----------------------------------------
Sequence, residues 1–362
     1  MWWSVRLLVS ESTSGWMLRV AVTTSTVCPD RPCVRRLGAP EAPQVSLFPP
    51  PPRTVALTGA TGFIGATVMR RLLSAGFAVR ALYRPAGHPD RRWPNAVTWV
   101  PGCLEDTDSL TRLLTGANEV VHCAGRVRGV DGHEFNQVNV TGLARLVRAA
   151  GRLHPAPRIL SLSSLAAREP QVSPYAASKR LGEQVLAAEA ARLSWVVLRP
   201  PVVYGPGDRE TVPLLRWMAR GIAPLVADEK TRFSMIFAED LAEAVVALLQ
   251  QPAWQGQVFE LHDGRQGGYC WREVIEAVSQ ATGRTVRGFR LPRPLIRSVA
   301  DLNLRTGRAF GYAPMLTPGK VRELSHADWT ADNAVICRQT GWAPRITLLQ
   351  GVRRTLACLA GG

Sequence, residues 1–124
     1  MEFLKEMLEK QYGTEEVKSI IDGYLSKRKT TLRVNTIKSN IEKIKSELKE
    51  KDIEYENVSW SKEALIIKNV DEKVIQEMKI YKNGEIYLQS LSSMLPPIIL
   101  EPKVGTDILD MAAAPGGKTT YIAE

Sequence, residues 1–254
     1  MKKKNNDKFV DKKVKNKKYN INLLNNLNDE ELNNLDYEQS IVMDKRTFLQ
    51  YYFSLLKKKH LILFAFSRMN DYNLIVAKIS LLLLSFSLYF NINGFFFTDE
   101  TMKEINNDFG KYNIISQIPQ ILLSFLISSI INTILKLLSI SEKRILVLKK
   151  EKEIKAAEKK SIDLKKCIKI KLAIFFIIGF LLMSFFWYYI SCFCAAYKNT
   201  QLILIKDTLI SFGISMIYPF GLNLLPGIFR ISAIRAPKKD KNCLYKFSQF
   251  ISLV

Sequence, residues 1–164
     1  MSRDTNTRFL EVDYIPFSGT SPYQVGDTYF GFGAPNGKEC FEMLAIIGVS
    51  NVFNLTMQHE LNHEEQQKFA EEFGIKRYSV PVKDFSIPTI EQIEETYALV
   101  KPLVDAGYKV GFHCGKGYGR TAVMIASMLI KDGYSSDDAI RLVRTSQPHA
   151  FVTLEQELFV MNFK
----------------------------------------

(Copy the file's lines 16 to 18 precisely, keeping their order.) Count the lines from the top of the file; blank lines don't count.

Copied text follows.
    51  YYFSLLKKKH LILFAFSRMN DYNLIVAKIS LLLLSFSLYF NINGFFFTDE
   101  TMKEINNDFG KYNIISQIPQ ILLSFLISSI INTILKLLSI SEKRILVLKK
   151  EKEIKAAEKK SIDLKKCIKI KLAIFFIIGF LLMSFFWYYI SCFCAAYKNT